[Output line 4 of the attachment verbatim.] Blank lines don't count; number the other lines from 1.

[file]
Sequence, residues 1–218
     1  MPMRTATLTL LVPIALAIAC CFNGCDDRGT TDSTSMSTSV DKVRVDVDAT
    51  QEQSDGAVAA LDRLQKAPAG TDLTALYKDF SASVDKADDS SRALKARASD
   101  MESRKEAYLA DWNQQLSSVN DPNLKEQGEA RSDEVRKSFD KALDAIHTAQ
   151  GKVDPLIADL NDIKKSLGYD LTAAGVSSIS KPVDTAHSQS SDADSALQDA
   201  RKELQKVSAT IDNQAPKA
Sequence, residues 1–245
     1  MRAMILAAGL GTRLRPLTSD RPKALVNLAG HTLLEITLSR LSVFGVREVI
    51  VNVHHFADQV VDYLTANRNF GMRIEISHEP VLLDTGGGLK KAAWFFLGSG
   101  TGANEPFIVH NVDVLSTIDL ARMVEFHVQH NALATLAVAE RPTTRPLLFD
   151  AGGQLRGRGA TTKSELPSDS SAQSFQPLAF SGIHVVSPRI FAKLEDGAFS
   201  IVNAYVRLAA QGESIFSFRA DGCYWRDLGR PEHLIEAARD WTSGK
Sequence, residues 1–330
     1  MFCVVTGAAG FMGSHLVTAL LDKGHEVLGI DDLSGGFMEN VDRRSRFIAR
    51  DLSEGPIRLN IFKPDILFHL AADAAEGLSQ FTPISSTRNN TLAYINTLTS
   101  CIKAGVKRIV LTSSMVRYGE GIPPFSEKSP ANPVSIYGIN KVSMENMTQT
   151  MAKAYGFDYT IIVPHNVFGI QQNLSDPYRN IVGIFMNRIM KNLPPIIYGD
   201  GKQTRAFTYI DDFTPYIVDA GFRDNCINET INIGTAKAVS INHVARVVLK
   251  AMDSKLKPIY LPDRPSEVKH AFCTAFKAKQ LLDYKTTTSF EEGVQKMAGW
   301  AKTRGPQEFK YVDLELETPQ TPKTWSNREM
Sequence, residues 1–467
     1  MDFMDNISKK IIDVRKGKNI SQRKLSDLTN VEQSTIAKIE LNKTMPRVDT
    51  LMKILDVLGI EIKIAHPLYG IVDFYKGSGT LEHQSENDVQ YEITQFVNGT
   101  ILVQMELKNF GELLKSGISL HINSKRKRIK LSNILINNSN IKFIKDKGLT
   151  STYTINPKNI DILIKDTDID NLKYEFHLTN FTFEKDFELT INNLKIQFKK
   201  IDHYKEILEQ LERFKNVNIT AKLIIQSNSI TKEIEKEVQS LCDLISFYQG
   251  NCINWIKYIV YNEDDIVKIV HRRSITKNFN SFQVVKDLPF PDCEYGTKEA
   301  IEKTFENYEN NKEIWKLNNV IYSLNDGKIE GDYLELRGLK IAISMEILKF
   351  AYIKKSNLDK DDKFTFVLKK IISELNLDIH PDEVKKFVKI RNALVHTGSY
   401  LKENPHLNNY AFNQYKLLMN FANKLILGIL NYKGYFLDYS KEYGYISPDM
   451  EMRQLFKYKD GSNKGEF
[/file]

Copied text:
   101  MESRKEAYLA DWNQQLSSVN DPNLKEQGEA RSDEVRKSFD KALDAIHTAQ